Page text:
[UPDATE] Can Students Opt Out of the FCAT?

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UPDATE 4-12-2011

On Friday we told you about a mother not wanting her son to take the FCAT. On Monday, when her son Logan went to school, he ended up taking the test with the rest of his class.

Logan's mom,Christine Bittner, says she wanted her son to be able to attend Cobb Middle School, and just read at his desk and not take the test. But the district is required to put a test in front of every student, so Logan took the first day of the test. However, Bittner says she's not happy about her son taking the first day of the test, and says she will be keeping her son at home for the rest of the week.

Bittner says, "It does not benefit the student in any way to take the test, it doesn't penalize the student in any way to take the test. So it's pretty much they spend weeks, and weeks, and weeks studying and preparing for a test that doesn't matter."

Meanwhile, Cobb Middle School Principal Shelly Bell says, "We want to look at how well they performed on the sunshine state standards that were taught all year. So it's important that the students take the tests and that gives us a representation of how much they've learned over the school year."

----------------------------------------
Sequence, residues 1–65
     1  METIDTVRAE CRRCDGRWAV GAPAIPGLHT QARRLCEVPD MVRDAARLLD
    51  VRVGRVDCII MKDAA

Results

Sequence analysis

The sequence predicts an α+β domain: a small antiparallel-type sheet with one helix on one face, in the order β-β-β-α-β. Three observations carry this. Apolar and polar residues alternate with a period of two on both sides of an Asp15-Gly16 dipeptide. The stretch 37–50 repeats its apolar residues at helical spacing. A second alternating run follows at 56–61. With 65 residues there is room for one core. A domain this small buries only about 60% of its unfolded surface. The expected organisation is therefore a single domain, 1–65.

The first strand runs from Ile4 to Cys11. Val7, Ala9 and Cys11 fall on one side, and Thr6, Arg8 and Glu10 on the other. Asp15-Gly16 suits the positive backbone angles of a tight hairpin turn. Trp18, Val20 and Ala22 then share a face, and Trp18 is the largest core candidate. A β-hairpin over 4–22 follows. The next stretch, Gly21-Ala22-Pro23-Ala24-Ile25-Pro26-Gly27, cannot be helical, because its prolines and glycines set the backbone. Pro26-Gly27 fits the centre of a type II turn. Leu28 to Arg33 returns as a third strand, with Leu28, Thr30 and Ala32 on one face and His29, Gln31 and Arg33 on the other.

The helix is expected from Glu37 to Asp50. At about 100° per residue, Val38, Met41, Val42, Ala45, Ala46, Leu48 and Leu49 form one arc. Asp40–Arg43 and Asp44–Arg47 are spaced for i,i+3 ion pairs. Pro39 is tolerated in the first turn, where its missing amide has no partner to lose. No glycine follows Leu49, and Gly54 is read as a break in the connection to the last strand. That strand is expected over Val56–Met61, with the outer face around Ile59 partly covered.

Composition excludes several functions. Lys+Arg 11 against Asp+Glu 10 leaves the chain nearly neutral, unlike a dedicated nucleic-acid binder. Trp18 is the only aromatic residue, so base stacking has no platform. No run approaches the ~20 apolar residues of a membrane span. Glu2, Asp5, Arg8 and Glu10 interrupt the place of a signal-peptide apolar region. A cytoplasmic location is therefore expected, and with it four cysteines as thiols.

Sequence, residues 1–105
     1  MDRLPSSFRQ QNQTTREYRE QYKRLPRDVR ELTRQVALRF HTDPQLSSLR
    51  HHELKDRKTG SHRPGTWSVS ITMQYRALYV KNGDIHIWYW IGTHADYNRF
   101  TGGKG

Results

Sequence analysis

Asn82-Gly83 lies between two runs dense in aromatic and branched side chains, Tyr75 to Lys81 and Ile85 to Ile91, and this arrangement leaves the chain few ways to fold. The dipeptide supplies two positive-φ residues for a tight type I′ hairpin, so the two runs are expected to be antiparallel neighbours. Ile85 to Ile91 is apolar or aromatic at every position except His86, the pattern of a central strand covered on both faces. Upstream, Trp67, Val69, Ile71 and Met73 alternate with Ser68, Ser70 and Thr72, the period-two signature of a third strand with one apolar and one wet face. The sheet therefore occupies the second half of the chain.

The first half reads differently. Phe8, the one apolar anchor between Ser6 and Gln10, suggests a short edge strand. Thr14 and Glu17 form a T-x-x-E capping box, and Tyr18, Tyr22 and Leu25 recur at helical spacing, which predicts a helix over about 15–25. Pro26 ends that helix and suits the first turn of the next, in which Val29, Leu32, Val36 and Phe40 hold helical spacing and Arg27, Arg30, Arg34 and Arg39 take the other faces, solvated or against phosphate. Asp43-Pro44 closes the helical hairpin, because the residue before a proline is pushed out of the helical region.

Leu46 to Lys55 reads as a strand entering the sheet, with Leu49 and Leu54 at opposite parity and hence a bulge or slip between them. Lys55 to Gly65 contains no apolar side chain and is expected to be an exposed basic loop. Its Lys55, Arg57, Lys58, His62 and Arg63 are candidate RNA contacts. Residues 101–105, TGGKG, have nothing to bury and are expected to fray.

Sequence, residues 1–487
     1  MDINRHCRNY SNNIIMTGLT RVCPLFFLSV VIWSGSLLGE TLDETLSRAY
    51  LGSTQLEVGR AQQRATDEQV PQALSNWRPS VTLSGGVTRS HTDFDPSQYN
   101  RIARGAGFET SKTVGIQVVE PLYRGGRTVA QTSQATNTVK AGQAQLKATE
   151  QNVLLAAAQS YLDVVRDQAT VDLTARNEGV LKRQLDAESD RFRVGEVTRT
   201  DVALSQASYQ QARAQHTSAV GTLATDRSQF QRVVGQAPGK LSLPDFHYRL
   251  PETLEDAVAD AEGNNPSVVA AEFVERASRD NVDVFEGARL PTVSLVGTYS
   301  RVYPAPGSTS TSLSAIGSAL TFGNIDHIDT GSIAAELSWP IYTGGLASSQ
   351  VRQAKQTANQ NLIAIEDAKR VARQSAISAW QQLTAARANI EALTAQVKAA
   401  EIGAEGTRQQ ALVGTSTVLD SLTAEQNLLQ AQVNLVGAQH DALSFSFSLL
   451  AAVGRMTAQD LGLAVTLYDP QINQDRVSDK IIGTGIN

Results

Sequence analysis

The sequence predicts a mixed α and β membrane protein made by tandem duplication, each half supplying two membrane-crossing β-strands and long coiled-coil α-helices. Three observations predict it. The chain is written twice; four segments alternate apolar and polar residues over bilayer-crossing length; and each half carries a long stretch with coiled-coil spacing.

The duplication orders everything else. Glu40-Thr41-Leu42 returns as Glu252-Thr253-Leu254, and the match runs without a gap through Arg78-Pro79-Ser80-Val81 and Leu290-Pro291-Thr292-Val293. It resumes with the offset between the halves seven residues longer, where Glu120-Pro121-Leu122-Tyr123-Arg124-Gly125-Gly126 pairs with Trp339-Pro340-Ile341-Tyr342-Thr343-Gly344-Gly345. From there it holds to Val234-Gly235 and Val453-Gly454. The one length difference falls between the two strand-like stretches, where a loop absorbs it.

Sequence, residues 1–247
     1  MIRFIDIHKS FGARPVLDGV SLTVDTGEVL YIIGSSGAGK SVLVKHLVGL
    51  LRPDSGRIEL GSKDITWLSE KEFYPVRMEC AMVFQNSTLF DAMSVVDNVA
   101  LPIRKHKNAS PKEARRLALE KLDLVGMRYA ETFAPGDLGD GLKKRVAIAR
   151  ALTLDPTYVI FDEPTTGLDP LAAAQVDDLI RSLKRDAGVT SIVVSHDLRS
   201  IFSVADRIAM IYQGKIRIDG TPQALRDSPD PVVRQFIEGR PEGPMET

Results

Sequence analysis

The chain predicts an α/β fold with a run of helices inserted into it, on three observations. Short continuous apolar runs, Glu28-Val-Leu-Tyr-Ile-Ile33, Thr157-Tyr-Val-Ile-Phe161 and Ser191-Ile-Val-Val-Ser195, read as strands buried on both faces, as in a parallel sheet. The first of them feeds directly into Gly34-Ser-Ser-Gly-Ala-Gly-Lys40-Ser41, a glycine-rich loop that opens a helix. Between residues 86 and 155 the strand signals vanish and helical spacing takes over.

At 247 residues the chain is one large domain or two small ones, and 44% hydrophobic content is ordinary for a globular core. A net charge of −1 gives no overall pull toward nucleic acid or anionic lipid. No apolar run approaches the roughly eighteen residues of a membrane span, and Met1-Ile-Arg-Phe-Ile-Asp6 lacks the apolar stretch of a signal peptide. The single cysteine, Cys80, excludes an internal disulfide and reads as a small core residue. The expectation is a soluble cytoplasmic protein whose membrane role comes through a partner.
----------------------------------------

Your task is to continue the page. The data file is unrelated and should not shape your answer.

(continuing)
When Christine found out that Logan's absence would not be penalized, hurt school funding, or deny him from advanced placement classes she decided to keep him at home while the testing continues.


Christine Bittner has made up her mind. Come Monday, while most sixth graders at Cobb Middle School are busy solving math equations, her son Logan will be sitting at his desk occupying his time with something else .

"It accomplishes nothing. Standardized testing is an archaic travesty of what public education should be. It teaches students how to pass a test."

Bittner says she contacted her son's principal a couple of weeks ago to tell her that she does not want her son taking the FCAT.

After doing her own research, Bittner says she came to the conclusion that standardized testing adds no value to her son's educational experience.

"If your focus is just on taking the test and your school getting a certain percentage of passing scores, then it ceases to be about the children."

A spokesperson from Leon County Schools says they can't tell parent's what they should or should not do, but the law does tell educators what they must do.

"The test will be put in front of every one of our students on the test next week or during the makeup test. What happens after that moment is kind of just out there."

In other words, teachers must hand out the test, but they can't make a student complete it. Bittner says she's not concerned about the repercussions of her decision, because as far as she understands, there really are none.

Florida Statutes state that all students in Florida Public Schools must participate in standardized testing, but there's no exact wording to explain what would happen if a child refused to take the test.

The statute does, however, state that if a student does not meet specific levels of performance, he or she must be given additional assessments.

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